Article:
After some last-minute negotiations, the reality judges with the love-hate relationship we love to love arrived (kissy faces in full effect) at the inaugural X Factor auditions in Los Angeles yesterday.
They were joined by L.A. Reid and Cheryl Cole. But then, you knew that. What you didn't know is the shaky start the show—courtesy of an egged-on audience—got off to.
Where's Ryan Seacrest when you need him?
But before the judges headed inside to do what they do best, they discussed what makes this show different from rest of the ever-multiplying reality competition shows out there.
"You won't see a boxing ring. Our chairs stay in one place," Cowell—who, like the rest of America, has clearly seen an episode or two of The Voice—told E! News. "We cover everything on this show, you're going to see the good, the bad and the ugly. Hopefully mostly good."
As for the much-anticipated reunion of Saula, Cowell told us what finally cinched the deal.
"Common sense and a bit of a nudge, really…I admired her, actually, because a lot of people would've just instantly said, 'You know what, I'll just take it,'" he said of the prolonged contract negotiations. "But Paula's Paula, she stuck to her guns, and I admire her for that. You know, she's ballsy. At one point, I called her and I said, 'You really are pushing your luck here.'"
As for the new dynamic in their relationship—unlike on American Idol, Cowell is now Abdul's boss—he clearly isn't taking that title too seriously.
"I could never be her boss. It's more like the other way around. I think she's going to establish that."
Just like old times, then. Well, almost. Because if it were truly old times, then Cowell would be the most feared and acid-tongued judge on the panel. And judging by yesterday's auditions, that doesn't seem to be the case.
Instead, that honor seems to go to L.A. Reid, who told E! News prior to taking his chair that, "I like to think I have a very different opinion about music, about artists and about talent and I expect there to be some amount of disagreement, but I think it'll be great."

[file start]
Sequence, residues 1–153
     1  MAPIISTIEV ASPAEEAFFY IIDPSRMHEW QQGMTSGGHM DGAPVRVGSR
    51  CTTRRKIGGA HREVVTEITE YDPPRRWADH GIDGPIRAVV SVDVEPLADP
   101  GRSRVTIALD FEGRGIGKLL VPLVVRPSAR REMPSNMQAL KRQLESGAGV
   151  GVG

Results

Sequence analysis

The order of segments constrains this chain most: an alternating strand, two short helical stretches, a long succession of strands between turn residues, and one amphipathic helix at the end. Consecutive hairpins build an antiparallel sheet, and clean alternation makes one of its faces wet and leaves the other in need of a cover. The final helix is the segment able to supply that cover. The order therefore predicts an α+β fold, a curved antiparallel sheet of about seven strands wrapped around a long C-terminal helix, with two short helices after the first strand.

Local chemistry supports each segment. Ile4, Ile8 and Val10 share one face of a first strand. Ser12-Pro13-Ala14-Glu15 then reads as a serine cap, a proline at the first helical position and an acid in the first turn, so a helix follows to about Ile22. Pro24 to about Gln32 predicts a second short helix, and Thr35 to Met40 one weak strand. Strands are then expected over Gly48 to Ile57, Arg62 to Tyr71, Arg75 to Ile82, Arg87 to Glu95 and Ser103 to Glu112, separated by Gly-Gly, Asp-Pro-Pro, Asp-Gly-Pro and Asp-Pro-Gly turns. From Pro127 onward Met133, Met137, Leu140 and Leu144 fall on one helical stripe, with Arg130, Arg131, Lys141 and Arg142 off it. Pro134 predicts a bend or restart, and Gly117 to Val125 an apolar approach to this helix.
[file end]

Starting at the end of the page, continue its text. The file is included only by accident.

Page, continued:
Great? Well, depends on who you ask. We're guessing contestants wouldn't agree.
According to the Hollywood Reporter, Reid laid into the second auditioner of the day, a 52-year-old divorcée. After some back and forth about her song—during which the audience began booing and shouting "next," he delivered the following withering critique:
"When was the last time you performed? Eighteen years ago? Whatever made you stop then, you should've stuck with that decision."
Contrast it to Cowell's comparatively gentle review: "It's very brave, and I don't mean this disrespectfully, but you're someone who should be singing at home."
Is this a kinder, gentler Cowell? Doubtful. But maybe he was just feeling bad about having egged the audience on in the first place.
"The idea is we're trying to find a superstar…And you're our fifth judge," he told the audience, per the Reporter, prior to the first wannabe taking the stage.
"Basically you're here to tell us who you like. You can be as badly behaved as you want, actually. The whole reason for doing this is I trust you guys for being able to judge this process. There's $5 million at stake."
After the divorcee performed, however, producers stepped in and told the harsh audience—who not only booed and jeered, but counted down the performance—to cease booing, as the show is not out to be the nastiest series on TV.
Which may go someway to explaining the addition of Cheryl Cole to the panel.
"I've been in their shoes and I've had those moments of absolute scrutiny, where people are watching every move you make, so I like to think I could help them as opposed to judge them," she told E! News.
She might have her work cut out for her.